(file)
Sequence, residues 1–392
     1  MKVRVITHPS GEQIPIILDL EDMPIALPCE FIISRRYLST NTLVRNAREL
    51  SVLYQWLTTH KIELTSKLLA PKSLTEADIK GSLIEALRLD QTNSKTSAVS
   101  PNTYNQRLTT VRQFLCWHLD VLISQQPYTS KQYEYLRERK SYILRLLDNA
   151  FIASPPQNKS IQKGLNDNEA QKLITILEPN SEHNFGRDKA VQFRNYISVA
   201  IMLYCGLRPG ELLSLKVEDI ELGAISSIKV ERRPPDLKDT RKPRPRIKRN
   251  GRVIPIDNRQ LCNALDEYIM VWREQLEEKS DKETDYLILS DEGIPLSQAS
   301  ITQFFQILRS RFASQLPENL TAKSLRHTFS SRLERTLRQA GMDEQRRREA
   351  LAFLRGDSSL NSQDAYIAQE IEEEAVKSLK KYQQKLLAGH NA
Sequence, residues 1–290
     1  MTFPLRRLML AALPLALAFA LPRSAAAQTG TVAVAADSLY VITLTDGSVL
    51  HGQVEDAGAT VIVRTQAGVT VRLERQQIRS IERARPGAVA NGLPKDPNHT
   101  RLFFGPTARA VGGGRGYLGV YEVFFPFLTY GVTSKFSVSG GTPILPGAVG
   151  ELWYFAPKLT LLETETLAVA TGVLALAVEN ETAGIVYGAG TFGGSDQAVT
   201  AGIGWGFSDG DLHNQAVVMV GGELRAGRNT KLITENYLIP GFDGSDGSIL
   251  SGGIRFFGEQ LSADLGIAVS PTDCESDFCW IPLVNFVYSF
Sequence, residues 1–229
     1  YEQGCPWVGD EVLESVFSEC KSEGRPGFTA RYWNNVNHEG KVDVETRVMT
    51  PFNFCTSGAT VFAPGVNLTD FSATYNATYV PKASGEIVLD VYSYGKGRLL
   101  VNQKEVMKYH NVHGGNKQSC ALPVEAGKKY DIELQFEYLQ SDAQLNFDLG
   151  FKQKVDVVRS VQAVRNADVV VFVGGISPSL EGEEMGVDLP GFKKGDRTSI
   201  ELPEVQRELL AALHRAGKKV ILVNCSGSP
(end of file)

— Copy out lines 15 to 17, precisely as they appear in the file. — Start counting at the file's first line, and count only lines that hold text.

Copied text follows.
   201  AGIGWGFSDG DLHNQAVVMV GGELRAGRNT KLITENYLIP GFDGSDGSIL
   251  SGGIRFFGEQ LSADLGIAVS PTDCESDFCW IPLVNFVYSF
Sequence, residues 1–229